The hosted payload solution provides increased persistence, geometry of perspective, and volume of data for pennies on the dollar of the primary mission. Additionally, integrating commercial capabilities into the operational space picture creates tremendous value at low cost. This data is shareable with our allies and alleviates US government systems of doing the dull, repetitive, lower technology-based tasks, freeing Space Force operators for the more dynamic demands of full scope operations in the space domain.

Third, focus on “making sense” of the data and extracting knowledge, an area of the mission where a significant deficit exists. Making data discoverable to the operator appeared Herculean and insurmountable until the creation of the Unified Data Library and the National Space Defense Center. Yet these two successes have not enabled a cogent understanding of how all the disparate systems interact together, nor is there a framework to assess the comparative data value for specific mission threats. Any architecture must enable understanding how radar systems work with radio frequency systems and optical systems across space and ground, and for which mission threads, across the threat environment. Additionally, this architecture provides greater focus on the characterization of objects and their behavior, rather than simply confirming they reside in the right space and time.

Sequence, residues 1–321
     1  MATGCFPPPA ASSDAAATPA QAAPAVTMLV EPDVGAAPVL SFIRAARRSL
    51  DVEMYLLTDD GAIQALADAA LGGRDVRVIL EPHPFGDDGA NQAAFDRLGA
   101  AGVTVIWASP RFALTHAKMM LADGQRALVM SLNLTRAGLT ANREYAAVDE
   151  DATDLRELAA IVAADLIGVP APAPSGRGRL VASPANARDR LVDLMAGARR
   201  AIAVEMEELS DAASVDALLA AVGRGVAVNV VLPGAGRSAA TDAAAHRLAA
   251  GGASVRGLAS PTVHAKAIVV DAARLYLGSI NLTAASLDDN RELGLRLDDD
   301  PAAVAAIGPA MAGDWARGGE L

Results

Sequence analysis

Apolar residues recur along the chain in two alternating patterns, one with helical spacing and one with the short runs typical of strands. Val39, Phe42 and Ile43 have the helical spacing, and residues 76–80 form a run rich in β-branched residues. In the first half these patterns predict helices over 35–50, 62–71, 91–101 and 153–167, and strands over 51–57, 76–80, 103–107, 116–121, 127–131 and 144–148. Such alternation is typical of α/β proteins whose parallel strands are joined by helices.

Today an opportunity exists to make significant near-term advances by leveraging cost-effective space domain awareness solutions. These solutions must work as an integrated architecture, maximize the use of hosted payloads, and focus on extracting more value from the data. Such an approach will dramatically improve the Department of Defense and Intelligence Community’s ability to provide indications and warning of events in space, establish patterns of behavior, create transparency of behavior, and reinforce deterrence contributing to the elimination of strategic surprise.

Such a holistic and collective US Space Domain Awareness system-of-systems will significantly enhance protection — enabling a range of preemptive operations and countermeasures. But first, we must build it.

Joshua Hartman is the President of GEOST, Inc. He is also a former Deputy Assistant Secretary of Defense for Space and Intelligence, and former Professional Staffer on the House Appropriations and House Armed Services Committees.